Newspaper article Pittsburgh Post-Gazette (Pittsburgh, PA)

China Steelmakers Confront Grim 'New Reality' Prices Are Plummeting as Capacity Far Outstrips Demand

Newspaper article Pittsburgh Post-Gazette (Pittsburgh, PA)

China Steelmakers Confront Grim 'New Reality' Prices Are Plummeting as Capacity Far Outstrips Demand

Article excerpt

Last weekend, the best place to observe China's wrenching effort to retool its growth model and economy might have been the Beijing Landmark Towers, a rundown government-owned hotel where rooms could be had for around $70.

For delegates to the eighth annual China International Metal Recycling Forum, the setting was a stark comedown from last year, when the same event took place in a sparkling new Le Meridien in Chongqing, gateway to western China. Instead of a lavish affair for 500 wealthy steel and recycling executives, this weekend's conference hosted maybe 300 decidedly downbeat industry figures, all focused on what several speakers referred to as a "new reality."

The numbers tell the story. According to Zhu Jimin, executive vice-chairman of the state-run China Iron and Steel Association, annual production capacity for China's steel industry has grown by an astonishing 200 million tons since late 2012, to 1.1 billion tons today. (By contrast, the entire U.S. steel industry produced only 87 million tons in 2013.) Yet first half domestic consumption of steel stands at 376.1 million tons, up an anemic 0.4 percent over the same period last year. Steel exports are growing but at the expense of "increasing trade conflicts and constant trade remedy investigations."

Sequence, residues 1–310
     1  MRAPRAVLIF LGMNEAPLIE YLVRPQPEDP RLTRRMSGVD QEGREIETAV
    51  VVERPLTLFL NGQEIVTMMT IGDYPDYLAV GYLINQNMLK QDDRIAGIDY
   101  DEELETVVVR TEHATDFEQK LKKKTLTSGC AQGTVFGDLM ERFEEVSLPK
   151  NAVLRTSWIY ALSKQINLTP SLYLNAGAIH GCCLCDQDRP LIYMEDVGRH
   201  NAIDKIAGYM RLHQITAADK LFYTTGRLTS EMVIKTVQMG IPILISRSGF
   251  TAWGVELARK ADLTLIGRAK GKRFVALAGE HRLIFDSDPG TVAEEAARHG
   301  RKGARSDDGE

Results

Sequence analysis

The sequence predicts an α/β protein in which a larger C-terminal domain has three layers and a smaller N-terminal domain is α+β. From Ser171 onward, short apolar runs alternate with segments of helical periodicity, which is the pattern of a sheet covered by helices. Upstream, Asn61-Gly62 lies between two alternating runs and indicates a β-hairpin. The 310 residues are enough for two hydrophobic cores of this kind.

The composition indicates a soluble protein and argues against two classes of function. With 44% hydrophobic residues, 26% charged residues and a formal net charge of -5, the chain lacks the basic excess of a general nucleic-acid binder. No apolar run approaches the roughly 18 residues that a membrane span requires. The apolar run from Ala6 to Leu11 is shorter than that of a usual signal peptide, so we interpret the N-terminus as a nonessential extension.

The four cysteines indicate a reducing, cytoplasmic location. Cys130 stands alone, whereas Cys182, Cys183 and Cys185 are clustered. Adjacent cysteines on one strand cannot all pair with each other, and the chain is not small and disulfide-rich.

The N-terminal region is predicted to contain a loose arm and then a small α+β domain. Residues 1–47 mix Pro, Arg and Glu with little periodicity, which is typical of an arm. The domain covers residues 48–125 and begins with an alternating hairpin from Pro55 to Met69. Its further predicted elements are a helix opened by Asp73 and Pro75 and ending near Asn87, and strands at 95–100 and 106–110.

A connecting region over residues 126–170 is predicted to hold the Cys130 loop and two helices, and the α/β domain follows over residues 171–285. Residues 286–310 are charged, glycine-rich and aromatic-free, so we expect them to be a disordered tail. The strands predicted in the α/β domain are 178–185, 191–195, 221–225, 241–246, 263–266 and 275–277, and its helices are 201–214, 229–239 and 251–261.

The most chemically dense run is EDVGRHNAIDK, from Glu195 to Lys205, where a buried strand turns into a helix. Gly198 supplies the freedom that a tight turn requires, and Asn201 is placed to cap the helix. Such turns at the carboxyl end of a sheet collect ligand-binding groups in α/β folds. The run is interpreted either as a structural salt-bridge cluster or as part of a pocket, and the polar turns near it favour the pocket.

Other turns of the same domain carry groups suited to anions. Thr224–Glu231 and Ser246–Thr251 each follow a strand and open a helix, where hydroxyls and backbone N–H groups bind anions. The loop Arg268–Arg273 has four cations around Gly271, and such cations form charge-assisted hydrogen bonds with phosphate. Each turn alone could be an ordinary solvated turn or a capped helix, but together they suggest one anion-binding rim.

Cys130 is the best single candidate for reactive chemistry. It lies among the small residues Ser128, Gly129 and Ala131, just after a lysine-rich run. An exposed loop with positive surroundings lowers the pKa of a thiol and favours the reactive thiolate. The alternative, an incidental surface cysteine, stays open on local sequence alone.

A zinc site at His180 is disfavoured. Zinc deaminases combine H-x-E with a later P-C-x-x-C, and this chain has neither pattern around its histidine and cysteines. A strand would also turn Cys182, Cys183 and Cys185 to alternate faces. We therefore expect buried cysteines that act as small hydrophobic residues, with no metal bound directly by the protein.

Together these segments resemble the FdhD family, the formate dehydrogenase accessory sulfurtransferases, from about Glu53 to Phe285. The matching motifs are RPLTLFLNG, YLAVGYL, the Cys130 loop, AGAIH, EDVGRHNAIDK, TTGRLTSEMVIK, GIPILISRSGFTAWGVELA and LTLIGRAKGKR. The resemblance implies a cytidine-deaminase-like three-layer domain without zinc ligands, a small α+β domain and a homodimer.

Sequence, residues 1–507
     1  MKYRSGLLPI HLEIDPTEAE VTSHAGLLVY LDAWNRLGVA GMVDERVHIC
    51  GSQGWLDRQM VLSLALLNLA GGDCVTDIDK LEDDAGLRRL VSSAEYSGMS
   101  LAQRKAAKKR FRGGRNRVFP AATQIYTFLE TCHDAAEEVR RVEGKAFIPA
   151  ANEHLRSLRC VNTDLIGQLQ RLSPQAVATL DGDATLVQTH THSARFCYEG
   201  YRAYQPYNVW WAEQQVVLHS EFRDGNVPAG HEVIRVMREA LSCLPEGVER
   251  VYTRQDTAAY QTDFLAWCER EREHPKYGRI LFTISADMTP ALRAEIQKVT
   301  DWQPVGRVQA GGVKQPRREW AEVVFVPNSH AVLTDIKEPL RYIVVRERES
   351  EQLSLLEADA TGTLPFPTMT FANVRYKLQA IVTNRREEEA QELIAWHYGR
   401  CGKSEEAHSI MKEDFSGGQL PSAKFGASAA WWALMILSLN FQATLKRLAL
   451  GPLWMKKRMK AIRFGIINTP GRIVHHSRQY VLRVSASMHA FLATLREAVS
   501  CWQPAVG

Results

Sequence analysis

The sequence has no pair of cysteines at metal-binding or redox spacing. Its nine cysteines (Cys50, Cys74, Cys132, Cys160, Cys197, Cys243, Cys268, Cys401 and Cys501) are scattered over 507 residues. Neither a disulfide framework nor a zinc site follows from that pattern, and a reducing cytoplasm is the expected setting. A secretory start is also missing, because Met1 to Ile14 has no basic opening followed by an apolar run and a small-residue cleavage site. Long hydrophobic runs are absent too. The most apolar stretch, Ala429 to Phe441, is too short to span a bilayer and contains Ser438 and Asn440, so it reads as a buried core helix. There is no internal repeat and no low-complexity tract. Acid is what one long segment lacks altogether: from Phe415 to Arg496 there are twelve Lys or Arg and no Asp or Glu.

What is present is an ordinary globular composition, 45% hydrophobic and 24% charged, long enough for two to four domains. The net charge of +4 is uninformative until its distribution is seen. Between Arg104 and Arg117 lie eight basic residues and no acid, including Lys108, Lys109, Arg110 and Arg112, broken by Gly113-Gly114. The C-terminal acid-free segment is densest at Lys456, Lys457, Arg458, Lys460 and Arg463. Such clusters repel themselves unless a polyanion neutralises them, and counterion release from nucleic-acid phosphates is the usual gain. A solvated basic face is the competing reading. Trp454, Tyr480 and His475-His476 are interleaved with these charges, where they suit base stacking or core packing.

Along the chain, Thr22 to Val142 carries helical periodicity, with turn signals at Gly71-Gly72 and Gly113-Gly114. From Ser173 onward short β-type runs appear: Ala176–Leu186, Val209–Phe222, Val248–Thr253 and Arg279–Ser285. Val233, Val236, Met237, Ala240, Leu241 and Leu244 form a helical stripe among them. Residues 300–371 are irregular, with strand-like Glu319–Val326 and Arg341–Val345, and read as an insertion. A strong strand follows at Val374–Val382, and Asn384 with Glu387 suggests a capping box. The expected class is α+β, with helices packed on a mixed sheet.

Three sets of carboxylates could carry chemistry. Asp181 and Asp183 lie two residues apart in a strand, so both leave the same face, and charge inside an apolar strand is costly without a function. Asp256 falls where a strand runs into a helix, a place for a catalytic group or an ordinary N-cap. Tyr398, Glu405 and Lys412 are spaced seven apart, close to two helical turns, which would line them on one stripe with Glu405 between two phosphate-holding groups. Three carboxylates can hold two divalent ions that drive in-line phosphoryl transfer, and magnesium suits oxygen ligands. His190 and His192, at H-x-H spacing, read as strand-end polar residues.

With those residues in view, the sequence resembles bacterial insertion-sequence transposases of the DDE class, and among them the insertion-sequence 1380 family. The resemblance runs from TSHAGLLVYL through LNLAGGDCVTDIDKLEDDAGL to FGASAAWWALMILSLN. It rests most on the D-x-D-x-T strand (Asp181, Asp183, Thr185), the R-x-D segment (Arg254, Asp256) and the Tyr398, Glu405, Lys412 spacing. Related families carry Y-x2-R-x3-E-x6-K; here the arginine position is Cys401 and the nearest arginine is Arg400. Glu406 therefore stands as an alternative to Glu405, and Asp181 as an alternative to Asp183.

The result, as every conference attendee was well aware, is massive overcapacity. Prices continue to plummet. During the first half of 2014 they were down 8.79 percent year-on-year, despite the strong export numbers, putting many large, state-subsidized businesses in serious financial peril.

This is a familiar problem for China's policy makers, from President Xi Jinping on down. Last October, China's ruling State Council singled out steel, flat glass, cement, aluminum and shipbuilding as sectors that had developed dangerous levels of overcapacity, and in March, they announced (among other measures) that they intended to trim 27 million tons of steel production, in addition to the 10. …

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